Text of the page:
Catholic Diocese of Spokane, Washington
Official News Magazine of the Diocese of Spokane
Deacon Eric Meisfjord, Editor
P.O. Box 48, Spokane WA 99210
(509) 358-7340; FAX: (509) 358-7302
Work gets no respect
by Mary Cronk Farrell
(From the July 1, 2004 edition of the Inland Register)
Itís the first day of summer and already Iíve ruined it. Yep, ruined the whole summer. At least thatís what my 10-year-old says. I thought I was delivering good news when I told the kids they wouldnít have to do any work today. My job-of-the-day-program would begin tomorrow. With all the wailing, you might have thought I had told them they had to go back to school.
My kids have regular chores to do, but a number of years ago I started assigning each of them one extra job to do each day during the summer. The work is fairly simple, usually a task that can be completed, with diligence, in half an hour, an hour at the most. In the beginning I insisted they do the jobs right after breakfast, but as they got older I gave them latitude, requiring only that they finish before they ate lunch.
They complain a lot about the job-of-the-day, but I strongly believe that when children share the work of the household they feel more of a sense of belonging. They also develop skills, gain confidence, learn to manage their time and feel capable.
Additionally, work has a spiritual dimension. When we work we become co-creators with God in bringing the world to completion. Even small menial tasks help bring about the Kingdom of God, as when a parent sweeps the same kitchen floor day after day. It may seem mindless; it may seem to accomplish little as the floor gets dirty again almost immediately. And yet, this work is important to the orderliness and cleanliness of the family home. Both large and small contributions build the Body of Christ.
Work often gets no respect in our modern culture. People work for money or profit. They work for the means to do something more fun. Rarely do we find meaning in the work itself, especially menial tasks or manual labor. We work because we have to, not because we find it fulfilling, meaningful or important to the world around us.
But life is not about sailing by. Life is about dropping anchor, going ashore and leaving a positive mark of our presence. The discipline required to do this does not come without training and practice. The earlier this training and practice begins, the easier it is for us to learn. We owe it to our children to help them see at an early age that work is a necessary and holy part of life.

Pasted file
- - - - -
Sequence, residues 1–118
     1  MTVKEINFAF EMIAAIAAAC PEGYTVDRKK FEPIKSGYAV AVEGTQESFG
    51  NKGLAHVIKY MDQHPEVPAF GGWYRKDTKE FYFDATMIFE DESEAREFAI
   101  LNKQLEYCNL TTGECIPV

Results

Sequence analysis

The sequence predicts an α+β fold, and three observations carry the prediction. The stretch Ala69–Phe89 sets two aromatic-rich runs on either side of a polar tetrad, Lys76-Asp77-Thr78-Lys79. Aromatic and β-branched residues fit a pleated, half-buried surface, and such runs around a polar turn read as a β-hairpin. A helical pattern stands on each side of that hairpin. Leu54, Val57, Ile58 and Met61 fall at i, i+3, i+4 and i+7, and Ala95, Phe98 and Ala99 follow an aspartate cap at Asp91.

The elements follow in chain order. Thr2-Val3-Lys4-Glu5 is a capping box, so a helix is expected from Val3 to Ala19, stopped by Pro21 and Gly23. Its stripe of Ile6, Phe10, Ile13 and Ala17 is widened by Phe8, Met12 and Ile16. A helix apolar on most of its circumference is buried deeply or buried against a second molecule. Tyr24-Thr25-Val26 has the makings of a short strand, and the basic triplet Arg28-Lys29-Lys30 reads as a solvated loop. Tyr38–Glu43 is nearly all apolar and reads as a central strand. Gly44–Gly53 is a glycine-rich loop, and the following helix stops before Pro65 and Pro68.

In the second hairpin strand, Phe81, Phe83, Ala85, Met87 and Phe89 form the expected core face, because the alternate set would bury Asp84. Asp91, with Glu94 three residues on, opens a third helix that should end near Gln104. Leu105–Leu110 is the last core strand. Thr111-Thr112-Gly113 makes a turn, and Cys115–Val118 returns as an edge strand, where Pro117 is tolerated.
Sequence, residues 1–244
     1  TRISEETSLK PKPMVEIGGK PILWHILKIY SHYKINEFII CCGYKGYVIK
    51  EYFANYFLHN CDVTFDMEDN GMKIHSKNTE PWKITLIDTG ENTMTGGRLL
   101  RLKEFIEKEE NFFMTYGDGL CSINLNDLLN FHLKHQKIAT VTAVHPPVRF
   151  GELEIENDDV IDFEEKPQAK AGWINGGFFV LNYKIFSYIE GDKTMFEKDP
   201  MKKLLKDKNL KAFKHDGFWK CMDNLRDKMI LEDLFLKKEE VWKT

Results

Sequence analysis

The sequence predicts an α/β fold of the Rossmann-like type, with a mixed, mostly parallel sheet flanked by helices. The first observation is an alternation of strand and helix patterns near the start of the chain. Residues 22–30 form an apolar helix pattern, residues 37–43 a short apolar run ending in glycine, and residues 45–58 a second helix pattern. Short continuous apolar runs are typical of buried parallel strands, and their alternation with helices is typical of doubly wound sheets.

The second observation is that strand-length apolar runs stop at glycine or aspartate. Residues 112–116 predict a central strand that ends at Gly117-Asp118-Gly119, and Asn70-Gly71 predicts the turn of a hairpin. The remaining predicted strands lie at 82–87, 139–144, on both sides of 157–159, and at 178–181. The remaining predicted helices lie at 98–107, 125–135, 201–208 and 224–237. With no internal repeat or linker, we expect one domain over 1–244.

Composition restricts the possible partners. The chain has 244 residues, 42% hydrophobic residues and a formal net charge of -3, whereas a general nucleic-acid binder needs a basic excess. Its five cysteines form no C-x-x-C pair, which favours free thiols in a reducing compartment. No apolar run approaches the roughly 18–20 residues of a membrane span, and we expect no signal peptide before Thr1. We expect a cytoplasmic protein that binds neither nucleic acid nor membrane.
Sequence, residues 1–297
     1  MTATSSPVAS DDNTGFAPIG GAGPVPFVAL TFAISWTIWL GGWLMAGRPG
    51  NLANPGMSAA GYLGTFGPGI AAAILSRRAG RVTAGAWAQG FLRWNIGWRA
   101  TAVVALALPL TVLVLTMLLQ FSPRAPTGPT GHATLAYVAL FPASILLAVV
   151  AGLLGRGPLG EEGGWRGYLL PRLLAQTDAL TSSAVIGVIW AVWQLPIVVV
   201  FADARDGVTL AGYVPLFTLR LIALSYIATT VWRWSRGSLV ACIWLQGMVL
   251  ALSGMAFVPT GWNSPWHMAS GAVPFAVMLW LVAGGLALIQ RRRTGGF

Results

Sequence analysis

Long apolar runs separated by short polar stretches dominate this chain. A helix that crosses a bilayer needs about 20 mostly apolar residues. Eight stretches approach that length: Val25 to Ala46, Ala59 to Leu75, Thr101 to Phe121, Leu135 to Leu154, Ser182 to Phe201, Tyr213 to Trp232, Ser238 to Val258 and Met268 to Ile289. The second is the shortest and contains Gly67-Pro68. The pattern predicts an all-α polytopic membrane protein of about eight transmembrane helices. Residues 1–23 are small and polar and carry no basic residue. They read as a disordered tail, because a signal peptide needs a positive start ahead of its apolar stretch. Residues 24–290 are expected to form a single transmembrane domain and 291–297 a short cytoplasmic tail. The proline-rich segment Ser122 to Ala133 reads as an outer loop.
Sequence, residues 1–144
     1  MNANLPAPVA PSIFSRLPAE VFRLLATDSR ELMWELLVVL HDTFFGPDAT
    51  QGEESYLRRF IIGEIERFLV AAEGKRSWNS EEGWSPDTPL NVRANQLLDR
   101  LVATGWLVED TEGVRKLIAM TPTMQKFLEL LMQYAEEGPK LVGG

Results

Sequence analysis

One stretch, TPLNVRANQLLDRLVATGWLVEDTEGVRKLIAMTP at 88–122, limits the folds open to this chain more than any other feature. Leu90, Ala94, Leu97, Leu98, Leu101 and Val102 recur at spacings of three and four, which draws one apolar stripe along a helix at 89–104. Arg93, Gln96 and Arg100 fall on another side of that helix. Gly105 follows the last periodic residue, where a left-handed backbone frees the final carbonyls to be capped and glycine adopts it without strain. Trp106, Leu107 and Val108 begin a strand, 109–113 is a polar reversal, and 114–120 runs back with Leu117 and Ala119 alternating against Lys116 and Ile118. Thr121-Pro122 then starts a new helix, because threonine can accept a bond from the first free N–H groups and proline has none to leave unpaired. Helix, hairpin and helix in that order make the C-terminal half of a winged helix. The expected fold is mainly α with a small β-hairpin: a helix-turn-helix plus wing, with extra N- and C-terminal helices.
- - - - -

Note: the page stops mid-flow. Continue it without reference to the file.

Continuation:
I started my young children with simple jobs like washing the lowest windowpanes, sweeping the porch, folding laundry, and unloading plastic cups and bowls from the dishwasher. It often seemed like more effort to supervise the chores than it would have been just to do the work myself. I had to remember the process is as important as the end product.
As the kids got older I began to appreciate their help with pulling weeds, cleaning the bathrooms, mowing the lawn and doing little jobs Iíd been putting off. One summer my oldest spray-painted the wicker porch furniture, replaced broken drawer pulls on my bureau, and even balanced my checkbook.
Iíll mention again: the children do complain about having to work. I try to remember itís their job to complain; itís my job to hold firm and be kind. Most recently, one of kids argued, ďWeíre too old for the job-of-the-day.Ē
I tried not to laugh out loud. Too old to work? Doesnít he realize heís only just begun?
Having a spiritual sense about work helps us to see that life and work are not separate, but wholly integrated. ďWork is love made visible,Ē said the Persian poet Kahlil Gibran.
So, I tell myself, I havenít really ruined the whole summer by assigning chores. Iíve merely taken on a most difficult labor myself-trying to raise my children with a sense of what life requires of them, and more importantly, the fulfillment life offers those who experience the satisfaction of a job well done.
© 2004, Mary Cronk Farrell
(Mary Cronk Farrell is a Spokane free-lance and
childrenís writer. She is a contributing author to the book Daughters of the Desert:
Stories of Remarkable Women from Christian, Jewish and Muslim Traditions, from
Skylight Paths Publishing.)
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